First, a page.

Thomas och Monas (Children of Prisoners) travel blog from Uganda
Our prayer before we left for Uganda was that, during the week or so we were to spend there, we would be able to reach out to as many people as possible, that God would help us get in touch with prisoners on death row, the Archbishop, and many others. We asked the Lord to use us, to help us to administer the trust wisely and to touch people’s hearts, to help them understand the suffering to which children of parents on death row are wrongfully subjected and that those children are also treasures in God’s kingdom.
Before we left, we were slightly worried about whether we would actually be able to get in touch with all those we wanted to meet and whether the prison gates would actually be opened to us. Shamret prayed for us the week before we left and said that “the Holy Spirit will open all doors and gates”. Thomas and I felt that God had actually been down here on earth preparing everything for us. Read our travel report and I think you’ll understand what we mean …
We left Sweden on Saturday 21 February, directly after having waved off our beloved son Gabriel, who was travelling to Latvia with Tjebbo & co. Having arrived in Uganda, we went through the week’s agenda with our contact, Ronald Katongole. We realised there and then that we had been almost impossibly overoptimistic in trying to cram in as much as possible. But Thomas insisted that God would probably bless the hours in a way we didn’t understand. “We’ll manage to get everything done”, he said calmly.
On Monday morning, we woke up to our first challenge: arranging a visitor’s permit for Luzira prison. I (Mona) already had a general visitor’s permit to visit all prisons in Uganda. But it can be a bit tricky for foreigners to get into Luzira Maximum Security prison. Now we had to get a visitor’s permit for Thomas, who had not even applied for one… (We were supposed to have done so 6 months before the visit!). The week before we left, I received an email from the director-general of Uganda’s prisons. He wanted to meet us. Once in his office, we got the opportunity to tell him about our almost 10 year mission in Uganda. I’ll probably never really understand how we did it, but suddenly we were shaking hands and we had a classified visitor’s permit for both Mr and Mrs Kassarp! Amen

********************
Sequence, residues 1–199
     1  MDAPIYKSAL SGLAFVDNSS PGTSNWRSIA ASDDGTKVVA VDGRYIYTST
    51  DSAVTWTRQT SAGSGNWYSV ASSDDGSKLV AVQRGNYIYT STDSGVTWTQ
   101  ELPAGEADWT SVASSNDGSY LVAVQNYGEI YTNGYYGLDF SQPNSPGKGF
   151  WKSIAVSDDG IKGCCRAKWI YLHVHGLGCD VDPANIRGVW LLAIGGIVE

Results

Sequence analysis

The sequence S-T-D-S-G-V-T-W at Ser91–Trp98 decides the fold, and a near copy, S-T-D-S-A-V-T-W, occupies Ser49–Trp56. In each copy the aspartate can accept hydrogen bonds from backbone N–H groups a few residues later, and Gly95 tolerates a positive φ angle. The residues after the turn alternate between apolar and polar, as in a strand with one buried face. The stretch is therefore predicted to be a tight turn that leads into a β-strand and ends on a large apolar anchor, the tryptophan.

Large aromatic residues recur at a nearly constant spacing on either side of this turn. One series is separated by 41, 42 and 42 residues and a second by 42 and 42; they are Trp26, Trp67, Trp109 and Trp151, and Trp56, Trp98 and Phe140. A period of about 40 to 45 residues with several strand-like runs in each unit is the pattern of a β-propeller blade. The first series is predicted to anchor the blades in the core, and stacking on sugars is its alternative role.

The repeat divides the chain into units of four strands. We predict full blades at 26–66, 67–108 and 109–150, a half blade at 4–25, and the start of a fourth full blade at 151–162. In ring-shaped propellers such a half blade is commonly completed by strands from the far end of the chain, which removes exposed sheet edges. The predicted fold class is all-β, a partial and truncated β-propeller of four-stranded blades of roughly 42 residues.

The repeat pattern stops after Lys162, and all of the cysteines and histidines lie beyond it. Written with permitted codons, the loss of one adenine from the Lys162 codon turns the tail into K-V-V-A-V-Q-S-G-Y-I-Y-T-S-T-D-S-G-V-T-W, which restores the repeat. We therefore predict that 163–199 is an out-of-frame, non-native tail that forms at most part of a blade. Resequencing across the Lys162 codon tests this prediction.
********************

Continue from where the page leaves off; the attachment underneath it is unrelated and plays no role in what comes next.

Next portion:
Afterwards, we quickly proceeded to the Mission After Custody (an organisation that works with former convicts), where we were due to meet their founder, Morris, who works closely with the Archbishop. Morris told us that, unfortunately, we now had to take the formal route via the Archbishop’s secretary. Morris came with us and we made a formal application to meet the Archbishop during the week. Okay, I thought. Let’s see how this goes …
Before the day had ended, we also managed to meet a good old friend of ours, Moses, and paid a visit to Edward Mpagi at his home, a man who survived 20 years in prison. He was sentenced to death in 1982 for a crime of which he was innocent. Are there really innocent people who are sentenced to death? Yes, I know there are, because the man he claimed to have murdered was still alive! Edward’s testimony should be listened to again and again. He was designated for execution on a number of occasions, but only the Lord can intervene to save a person’s life in this way time and time again. When Edward was finally pardoned, he wanted to do something to help children whose parents are in prison. Children are the ones who are punished severely when their parents end up in jail, and Edward felt that being a parent in prison was by far the most difficult part of the experience. “The powerlessness to understand that your child is suffering and an inability to help them was the toughest part of the punishment”, Edward usually says. He wanted to be able to offer these children a roof over their heads and an education, so he decided to build a boarding school. This is one of the things Children of Prisoners does. We are helping Edward Mpagi to finish building a school for these children.